It’s very tongue-in-cheek.  There are different things going on.  Initially she’s testing him with ‘There is none of my uncle’s marks upon you.  He taught me how to know a man in love, in which case of rushes I am sure you are not a prisoner.’  (‘Come on, show me that you are!’)  Orlando asks ‘What were his marks?’  Then – this was very fun, inventive – I started moving round him, and touching his face.  It was quite sexy.  I went up to him and stroked his face very slowly on ‘A lean cheek, which you have not…,’ and there was a little crackly moment which we let hang.  And then I was darting all around him, doing this and doing that…I picked at his shoe, and I tipped his hat, it was very energetic.  And yes, initially wanting to know whether he’s really in love, but also keeping on talking because of the sexual tension.  I’m listing all the symptoms of neglect that show a real lover, and end up ‘But you are no such man.  You are rather point-device in your accoutrements, as loving yourself than being the lover of any other.’  He got quite angry with me at this point because I’d gone so over the top, and shouted ‘Fair youth, I would I could make thee believe I love.’  I pulled it right back, and just went ‘Me believe it? You may as soon make her that you love believe it –‘ and suddenly became very serious:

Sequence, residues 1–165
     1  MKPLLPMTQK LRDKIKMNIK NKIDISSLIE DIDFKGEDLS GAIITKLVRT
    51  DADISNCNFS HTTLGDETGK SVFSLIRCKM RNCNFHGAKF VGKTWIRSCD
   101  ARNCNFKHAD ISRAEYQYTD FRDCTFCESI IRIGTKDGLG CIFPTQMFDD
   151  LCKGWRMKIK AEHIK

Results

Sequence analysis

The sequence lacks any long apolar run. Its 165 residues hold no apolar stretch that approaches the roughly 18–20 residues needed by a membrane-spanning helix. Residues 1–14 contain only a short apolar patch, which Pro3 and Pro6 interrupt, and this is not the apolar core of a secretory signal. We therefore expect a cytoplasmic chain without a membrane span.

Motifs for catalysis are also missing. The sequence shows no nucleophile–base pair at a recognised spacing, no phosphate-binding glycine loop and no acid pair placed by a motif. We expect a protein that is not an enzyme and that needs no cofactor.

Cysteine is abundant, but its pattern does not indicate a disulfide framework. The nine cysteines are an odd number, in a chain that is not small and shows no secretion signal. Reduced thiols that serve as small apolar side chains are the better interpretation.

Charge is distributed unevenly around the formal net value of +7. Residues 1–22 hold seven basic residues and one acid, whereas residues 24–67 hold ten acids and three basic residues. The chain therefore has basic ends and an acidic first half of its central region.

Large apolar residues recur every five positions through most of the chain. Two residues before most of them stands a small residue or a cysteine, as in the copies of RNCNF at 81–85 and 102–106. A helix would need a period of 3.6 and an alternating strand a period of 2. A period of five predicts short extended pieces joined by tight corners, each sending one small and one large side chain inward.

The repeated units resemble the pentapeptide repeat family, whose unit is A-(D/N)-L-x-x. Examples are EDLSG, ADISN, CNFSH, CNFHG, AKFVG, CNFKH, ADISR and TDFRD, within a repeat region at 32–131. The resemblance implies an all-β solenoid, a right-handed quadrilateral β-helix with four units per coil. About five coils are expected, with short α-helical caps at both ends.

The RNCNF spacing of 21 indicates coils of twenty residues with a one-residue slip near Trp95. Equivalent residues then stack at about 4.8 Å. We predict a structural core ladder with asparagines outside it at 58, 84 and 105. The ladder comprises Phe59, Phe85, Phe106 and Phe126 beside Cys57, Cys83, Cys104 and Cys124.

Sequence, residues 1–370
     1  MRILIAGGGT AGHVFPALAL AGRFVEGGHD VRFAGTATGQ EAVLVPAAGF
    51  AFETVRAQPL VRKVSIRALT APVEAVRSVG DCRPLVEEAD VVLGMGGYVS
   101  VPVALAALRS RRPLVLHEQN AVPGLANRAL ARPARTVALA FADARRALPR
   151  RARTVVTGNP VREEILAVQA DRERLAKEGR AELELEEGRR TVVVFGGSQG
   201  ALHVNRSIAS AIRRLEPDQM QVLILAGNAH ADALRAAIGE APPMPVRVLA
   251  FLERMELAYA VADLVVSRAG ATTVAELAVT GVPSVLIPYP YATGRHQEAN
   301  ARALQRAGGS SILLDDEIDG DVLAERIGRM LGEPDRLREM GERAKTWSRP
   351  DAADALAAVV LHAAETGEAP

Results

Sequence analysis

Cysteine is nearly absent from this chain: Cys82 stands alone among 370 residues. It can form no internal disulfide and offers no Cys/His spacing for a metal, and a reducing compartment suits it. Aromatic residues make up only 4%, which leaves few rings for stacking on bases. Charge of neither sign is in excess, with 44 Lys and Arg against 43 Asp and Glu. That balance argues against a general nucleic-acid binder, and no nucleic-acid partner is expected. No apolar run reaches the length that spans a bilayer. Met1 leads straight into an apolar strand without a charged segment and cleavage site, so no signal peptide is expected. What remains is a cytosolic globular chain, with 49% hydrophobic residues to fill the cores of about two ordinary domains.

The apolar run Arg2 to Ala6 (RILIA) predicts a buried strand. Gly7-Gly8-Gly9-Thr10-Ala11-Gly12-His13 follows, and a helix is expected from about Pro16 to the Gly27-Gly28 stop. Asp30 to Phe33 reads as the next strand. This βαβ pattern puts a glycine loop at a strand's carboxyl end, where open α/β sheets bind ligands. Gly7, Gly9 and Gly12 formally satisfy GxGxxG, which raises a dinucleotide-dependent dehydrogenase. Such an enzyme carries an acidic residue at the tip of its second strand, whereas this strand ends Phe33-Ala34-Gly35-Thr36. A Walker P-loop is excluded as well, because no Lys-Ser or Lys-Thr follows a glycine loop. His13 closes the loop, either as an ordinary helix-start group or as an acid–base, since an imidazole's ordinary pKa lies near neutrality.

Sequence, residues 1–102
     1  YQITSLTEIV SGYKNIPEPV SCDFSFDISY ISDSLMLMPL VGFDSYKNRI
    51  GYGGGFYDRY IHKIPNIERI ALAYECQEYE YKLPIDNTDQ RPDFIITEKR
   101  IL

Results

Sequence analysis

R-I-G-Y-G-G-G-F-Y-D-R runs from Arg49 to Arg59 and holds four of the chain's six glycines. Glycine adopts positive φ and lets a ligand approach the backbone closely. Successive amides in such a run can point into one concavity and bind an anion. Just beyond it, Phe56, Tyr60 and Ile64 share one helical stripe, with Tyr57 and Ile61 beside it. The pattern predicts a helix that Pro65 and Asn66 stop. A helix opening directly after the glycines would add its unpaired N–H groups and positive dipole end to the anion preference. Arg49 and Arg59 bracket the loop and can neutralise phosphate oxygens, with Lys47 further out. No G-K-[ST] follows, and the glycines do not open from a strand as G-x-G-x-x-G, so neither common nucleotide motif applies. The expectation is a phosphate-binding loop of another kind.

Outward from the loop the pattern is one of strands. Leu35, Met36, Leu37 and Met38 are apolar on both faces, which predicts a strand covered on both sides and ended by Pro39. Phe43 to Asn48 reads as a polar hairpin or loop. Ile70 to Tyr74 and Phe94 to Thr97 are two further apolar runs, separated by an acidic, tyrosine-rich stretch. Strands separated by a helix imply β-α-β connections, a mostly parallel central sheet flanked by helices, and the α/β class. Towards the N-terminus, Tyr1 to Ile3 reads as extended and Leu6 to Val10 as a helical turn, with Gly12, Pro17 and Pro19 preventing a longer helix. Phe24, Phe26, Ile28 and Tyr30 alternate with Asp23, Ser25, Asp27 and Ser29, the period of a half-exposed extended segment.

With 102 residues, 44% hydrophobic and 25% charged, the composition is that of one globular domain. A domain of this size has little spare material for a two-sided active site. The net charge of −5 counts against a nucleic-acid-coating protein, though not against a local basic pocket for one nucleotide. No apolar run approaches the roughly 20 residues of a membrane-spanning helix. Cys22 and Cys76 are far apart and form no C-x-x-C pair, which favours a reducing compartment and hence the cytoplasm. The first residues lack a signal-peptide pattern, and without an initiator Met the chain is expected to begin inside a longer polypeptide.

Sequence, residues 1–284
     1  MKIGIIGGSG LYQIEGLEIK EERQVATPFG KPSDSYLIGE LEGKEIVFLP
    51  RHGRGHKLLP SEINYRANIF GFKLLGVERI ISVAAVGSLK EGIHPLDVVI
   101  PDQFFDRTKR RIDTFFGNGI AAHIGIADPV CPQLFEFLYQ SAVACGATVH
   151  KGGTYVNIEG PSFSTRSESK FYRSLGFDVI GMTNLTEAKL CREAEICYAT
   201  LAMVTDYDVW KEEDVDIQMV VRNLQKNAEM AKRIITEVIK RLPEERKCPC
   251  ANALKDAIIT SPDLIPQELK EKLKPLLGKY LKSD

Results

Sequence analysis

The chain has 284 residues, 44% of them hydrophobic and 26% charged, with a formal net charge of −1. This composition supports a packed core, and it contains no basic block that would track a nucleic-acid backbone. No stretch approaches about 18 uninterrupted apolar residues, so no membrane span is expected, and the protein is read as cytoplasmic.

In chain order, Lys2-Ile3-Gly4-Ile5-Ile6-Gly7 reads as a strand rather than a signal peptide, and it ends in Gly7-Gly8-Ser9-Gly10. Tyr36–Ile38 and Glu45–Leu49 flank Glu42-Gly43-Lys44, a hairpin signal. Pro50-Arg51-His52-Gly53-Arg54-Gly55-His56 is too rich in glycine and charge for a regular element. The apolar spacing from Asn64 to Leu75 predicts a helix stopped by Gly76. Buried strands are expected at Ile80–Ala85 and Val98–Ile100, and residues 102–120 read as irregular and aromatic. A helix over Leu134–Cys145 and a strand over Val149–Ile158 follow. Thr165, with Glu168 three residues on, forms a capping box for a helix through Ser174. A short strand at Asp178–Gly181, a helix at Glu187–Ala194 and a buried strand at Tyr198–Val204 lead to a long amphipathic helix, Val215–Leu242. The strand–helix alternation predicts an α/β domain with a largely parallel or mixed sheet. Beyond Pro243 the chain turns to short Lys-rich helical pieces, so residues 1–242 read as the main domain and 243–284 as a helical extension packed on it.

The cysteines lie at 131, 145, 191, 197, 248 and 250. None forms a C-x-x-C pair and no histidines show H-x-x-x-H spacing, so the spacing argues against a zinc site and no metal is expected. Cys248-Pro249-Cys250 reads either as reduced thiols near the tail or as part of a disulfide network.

…which I warrant, she is apter to do than to confess she does…But, in

good sooth, are you he that hangs the verses on the trees, wherein Rosalind

is so admired?


I swear to thee, youth, by the white hand of Rosalind, I am that he, that

unfortunate he.

And now here we come to the absolute crux of the scene, that it’s all been building to:  ‘But are you so much in love that your rhymes speak?’  She can’t quite believe that he is going to say yes, but he answers her better than she can possibly imagine:  ‘Neither rhyme nor reason can express how much.’  And it floors her.  It absolutely floors her.  And she realizes that she’s utterly in love too.  The whole thing is terrifying.  This next speech is so beautiful and I love it.  It’s almost my favourite: